This excites me!^Other much more intelligent people are working on it for the X right now. The 8/9 stuff has been out for awhile, they are getting amazing results just with the ACD. ACD and AYC is supposed to be insane, like 5 seconds a lap on a 1 minute circuit.
I wouldn't consider TBD's do be 1 or 1.5 way LSD's, those are only reserved for clutch type LSD's.First question is where? We have a front, center, and rear diff.
Front stock is a Torsen, or helical gear diff. It's weak as a unit, not made for extreme motorsports. There is only one kind of aftermarket front diff that is a Torsen and it's made by Quaife, called the ATB diff. These would be considered 1 or 1.5 way diffs.
The Center diff is an open diff stock, and it needs to remain an open diff in order for the ACD to function. The only replacment diff I know of is from the company Ralliart AU, who sell a motorsports level plate LSD.
The rear diff is also open stock and has a range of 1,1.5,or 2 way diffs available from several manufacturers. They are all plate LSD's. Cusco, Carbonetics, Wavetec, and Ralliart are big suppliers. They also make the same plate LSD's for the front.
You have to ask yourself what you want to do:
1) Make a street car / occasional track car more aggressive
2) Prep a race car for time attack or rally, non professional
3) Prep a race car for professional competition
For #1 I would really make it a priority to retain the ACD and AYC systems and focus on the weaknesses of the diffs. Going with a regiment of replacing the front with either a quaife ATB torsen or a 1.5 way plate LSD is always a good idea. Combining it with plate LSD in the rear usually gives Autocrossers and track junkies a few seconds off lap times and the strength needed to keep their setup going, especially if they are on the track more often. Many people with 08's autocrossing aggressively for the past 4 years are breaking their front and rears all the time now.
The center diff has a few upgrades outside of replacing it. Any replacement diff will not allow the ACD to be connected. You can weld pins, get oil pickup upgrades, etc.
Hopefully aftermarket ring and pinion gears will hit the market soon, that is another simple upgrade to either the stockers or aftermarket diffs.
If your really into #2 or #3 up there the most serious path is to disable the ACD and AYC and go for an entire plate LSD from Ralliart Australia. These are heavily built units designed to be pulled apart, adjusted, and rebuilt often in the professional racing world. The stock ACD and AYC clutches cannot compete with the fact that Ralliart offers spare parts and support for these diffs, whereas Mitsu does no support anything with the ACD or AYC beyond replacement T-Cases and Rear diff assemblies.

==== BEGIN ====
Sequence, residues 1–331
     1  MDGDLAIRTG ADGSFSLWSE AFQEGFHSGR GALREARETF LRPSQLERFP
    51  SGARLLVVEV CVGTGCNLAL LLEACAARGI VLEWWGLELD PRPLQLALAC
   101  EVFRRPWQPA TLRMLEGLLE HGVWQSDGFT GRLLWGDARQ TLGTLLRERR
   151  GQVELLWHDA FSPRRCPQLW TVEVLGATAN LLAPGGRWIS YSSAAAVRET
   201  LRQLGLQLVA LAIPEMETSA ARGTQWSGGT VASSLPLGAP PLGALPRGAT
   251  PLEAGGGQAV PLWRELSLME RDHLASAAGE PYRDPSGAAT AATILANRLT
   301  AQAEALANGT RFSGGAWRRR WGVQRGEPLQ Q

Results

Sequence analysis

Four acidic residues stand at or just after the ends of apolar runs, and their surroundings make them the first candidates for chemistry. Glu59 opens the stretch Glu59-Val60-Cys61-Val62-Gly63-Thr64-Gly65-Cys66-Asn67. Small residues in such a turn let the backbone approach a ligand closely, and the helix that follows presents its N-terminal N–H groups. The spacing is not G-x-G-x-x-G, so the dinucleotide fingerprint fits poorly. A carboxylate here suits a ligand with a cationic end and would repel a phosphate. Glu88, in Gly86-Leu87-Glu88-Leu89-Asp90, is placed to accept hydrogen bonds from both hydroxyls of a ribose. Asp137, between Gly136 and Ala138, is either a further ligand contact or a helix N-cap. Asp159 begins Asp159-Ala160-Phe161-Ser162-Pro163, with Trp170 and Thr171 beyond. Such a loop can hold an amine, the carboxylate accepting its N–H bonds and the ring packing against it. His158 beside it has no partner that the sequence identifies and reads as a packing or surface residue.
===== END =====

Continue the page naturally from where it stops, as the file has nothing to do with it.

On all these diffs, 1.5 way is usually the way to go. They offer a more linear, easy to understand power transition. 2 way is a drifter diff for RWD, it dosen't have much of an application for a Evo. 1 way is just not going to cut it unless you have a very specific track or type of racing your targeting.
For most of us looking for an upgrade who want to track occasionally I would recommend going with the Quaife ATB (much stronger than the stock Torsen) and do a 1.5 way, less aggressive ramp angle plate LSD for the rear. This solves the inherent weaknesses in both stock diffs and may give you a better lap time, etc. Not sure how the plate LSD effects the AYC system but people are running it and reporting in more often these days, so better info will be out there soon.
Your stock front is a helical, not an open diff.Wait wait wait, im confused.....the stock diffs are open?! Somebody explain this to me, I thought the rear diff and center were hydro controlled by the AYC pump. Clearly Im confused.
I think that's expected behavior, moving from an open to a clutch-type. A clutch-type is supposed to lock wheel speeds together naturally, and then the AYC modifies the behavior subsequently. You should feel some initial understeer due to locked wheels, but it should also feel a bit more planted when you get on the power.I had my first real autocross this past weekend on the Cusco 1.5 rear diff. By "first real" I mean where there was some grip available due to temperature. I don't know if it was me overdriving the car or that the rear diff was putting some crazy power down on the slaloms prior to the sweepers but I felt the car pushing a fair amount on long sweepers. It definitely feels different than the OEM unit.
Open, but controlled by other things, as opposed to clutch plates, or gear sets within the diff itself.Wait wait wait, im confused.....the stock diffs are open?! Somebody explain this to me, I thought the rear diff and center were hydro controlled by the AYC pump. Clearly Im confused.